The Cost of Discipleship, although uneven in places, shows more than enough genius of writing and profound insight into the truth of Christ to merit it on any follower’s bookshelf. Highly recommended.
Yesterday I reviewed Kenneth Boa’s excellent website, so I thought it appropriate today to review his magnum opus book Conformed to His Image. I had been frustrated for years with many books on spiritual growth & formation, because almost invariably they suffer from tunnel vision, seeing only one particular part of the whole spectrum of spiritual formation to the exclusion of the rest. Another common shortcoming is that many are strong in “touchy feel-good stuff” and short on solid doctrine.
I had searched for years in vain for a comprehensive evaluation of all the philosophies and methods used over the millenia of Christianity that had a solid doctrinal footing until…I found this 500 page hunk of theological goodness!! In this seminary level textbook Boa masterfully summarizes and categorizes a broad spectrum of spiritual growth and development pathways into 12 major areas or facets:
- Relational Spirituality: Loving God completely, Ourselves Correctly, and Others Compassionately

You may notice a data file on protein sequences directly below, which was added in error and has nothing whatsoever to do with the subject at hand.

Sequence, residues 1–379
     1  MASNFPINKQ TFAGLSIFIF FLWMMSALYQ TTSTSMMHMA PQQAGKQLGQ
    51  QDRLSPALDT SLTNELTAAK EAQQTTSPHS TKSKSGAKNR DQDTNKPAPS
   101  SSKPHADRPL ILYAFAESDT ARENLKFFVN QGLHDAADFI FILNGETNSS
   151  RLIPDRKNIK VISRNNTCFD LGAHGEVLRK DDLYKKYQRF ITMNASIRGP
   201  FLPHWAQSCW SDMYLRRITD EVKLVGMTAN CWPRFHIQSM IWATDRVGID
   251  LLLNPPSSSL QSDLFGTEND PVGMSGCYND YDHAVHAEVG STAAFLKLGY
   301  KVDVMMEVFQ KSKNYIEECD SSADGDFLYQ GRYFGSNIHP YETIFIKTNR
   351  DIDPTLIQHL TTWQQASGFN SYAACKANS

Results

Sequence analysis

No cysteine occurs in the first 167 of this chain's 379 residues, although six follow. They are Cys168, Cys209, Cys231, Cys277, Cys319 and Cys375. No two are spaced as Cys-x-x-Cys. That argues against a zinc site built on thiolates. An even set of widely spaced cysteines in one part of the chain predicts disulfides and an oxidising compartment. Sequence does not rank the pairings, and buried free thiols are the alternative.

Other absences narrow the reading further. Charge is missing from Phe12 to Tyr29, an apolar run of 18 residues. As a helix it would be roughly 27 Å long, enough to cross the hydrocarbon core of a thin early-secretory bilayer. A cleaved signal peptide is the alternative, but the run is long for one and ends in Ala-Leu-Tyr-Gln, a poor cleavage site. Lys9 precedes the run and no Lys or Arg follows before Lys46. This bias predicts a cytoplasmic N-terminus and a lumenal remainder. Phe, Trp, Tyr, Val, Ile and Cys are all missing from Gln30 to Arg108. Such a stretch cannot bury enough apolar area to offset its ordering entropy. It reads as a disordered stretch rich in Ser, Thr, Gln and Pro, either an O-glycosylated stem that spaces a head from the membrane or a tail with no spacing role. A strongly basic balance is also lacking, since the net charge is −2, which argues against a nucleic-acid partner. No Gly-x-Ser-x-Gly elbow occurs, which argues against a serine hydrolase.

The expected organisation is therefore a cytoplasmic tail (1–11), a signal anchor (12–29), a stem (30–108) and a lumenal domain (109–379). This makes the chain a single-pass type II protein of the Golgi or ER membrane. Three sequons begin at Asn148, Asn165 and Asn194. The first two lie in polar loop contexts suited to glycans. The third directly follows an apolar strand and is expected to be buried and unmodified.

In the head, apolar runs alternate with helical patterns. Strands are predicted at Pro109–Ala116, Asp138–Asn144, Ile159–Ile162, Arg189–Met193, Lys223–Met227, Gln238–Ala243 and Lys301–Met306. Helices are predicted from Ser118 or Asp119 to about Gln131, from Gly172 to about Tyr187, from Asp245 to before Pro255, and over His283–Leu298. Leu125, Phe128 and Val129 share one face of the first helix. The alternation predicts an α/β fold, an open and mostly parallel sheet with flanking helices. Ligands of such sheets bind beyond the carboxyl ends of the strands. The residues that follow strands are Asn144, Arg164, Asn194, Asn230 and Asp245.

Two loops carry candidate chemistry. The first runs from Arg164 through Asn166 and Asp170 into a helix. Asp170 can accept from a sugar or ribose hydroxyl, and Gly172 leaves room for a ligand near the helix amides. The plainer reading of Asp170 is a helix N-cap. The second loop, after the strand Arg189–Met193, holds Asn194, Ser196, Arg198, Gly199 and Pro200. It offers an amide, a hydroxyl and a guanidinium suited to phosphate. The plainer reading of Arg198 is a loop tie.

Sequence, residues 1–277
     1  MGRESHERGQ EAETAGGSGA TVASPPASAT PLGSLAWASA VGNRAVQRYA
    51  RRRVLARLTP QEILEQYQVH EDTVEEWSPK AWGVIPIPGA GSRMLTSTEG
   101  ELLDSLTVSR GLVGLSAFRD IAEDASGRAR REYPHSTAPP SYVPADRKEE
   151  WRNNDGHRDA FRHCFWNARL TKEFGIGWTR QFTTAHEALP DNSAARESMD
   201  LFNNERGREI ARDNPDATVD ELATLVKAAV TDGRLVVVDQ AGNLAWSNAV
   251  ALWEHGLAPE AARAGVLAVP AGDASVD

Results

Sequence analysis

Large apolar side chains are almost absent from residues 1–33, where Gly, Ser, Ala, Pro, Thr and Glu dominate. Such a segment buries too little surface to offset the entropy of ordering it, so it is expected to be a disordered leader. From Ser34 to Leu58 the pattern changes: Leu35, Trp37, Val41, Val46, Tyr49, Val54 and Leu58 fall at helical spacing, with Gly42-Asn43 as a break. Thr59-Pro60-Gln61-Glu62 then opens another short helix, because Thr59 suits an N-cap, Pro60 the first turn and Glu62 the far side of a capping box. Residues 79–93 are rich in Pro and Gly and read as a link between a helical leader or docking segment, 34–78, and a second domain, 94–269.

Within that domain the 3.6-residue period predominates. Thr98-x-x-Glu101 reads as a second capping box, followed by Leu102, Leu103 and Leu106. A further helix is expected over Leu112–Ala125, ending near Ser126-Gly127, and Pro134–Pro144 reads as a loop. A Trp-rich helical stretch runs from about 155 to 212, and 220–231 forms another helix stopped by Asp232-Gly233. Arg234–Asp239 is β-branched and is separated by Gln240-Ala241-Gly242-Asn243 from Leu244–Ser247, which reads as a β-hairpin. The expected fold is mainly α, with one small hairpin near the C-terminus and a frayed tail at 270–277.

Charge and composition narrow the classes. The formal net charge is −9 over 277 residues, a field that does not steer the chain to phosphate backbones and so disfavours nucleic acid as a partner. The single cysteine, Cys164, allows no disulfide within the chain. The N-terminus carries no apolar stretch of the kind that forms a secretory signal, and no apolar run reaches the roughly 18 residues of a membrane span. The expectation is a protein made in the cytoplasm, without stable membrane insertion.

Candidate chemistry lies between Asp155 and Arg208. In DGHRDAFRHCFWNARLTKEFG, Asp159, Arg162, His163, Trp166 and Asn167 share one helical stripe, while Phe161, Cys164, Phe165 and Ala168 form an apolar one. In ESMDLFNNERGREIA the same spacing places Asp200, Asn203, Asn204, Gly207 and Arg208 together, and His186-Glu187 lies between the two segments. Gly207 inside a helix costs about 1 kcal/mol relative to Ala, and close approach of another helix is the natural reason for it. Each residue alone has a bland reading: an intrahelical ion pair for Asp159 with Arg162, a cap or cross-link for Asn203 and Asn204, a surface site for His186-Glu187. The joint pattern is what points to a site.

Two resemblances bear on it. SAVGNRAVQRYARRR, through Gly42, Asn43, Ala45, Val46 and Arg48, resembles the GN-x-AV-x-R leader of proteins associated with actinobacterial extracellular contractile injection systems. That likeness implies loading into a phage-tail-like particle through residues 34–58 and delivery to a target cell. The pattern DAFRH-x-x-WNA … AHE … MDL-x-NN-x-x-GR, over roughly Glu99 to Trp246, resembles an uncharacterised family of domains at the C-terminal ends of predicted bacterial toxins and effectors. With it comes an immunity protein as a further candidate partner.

- Paradigm Spirituality: Cultivating an Eternal vs. a Temporal Perspective
- Disciplined Spirituality: Engaging in the Historic Disciplines
- Exchanged Life Spirituality: Grasping Our True Identity in Christ
- Motivated Spirituality: A Set of Biblical Incentives
- Devotional Spirituality: Falling in Love with God
- Holistic Spirituality: Every Component of Life under the Lordship of Christ
- Process Spirituality: Process vs. Product, Being vs. Doing
- Spirit-Filled Spirituality: Walking in the Power of the Spirit
- Warfare Spirituality: The World, the Flesh, and the Devil
- Nurturing Spirituality: A Lifestyle of Evangelism and Discipleship
- Corporate Spirituality: Encouragement, Accountability, and Worship
From the introductory chapter:
The spiritual life is an all-encompassing, lifelong response to God’s gracious initiatives in the lives of those whose trust is centered in the person and work of Jesus Christ. Biblical spirituality is a Christ-centered orientation to every component of life through the mediating power of the Holy Spirit.
I have underlined and marked in almost every page of this tremedous book. This volume is without equal; it has my highest recommendation.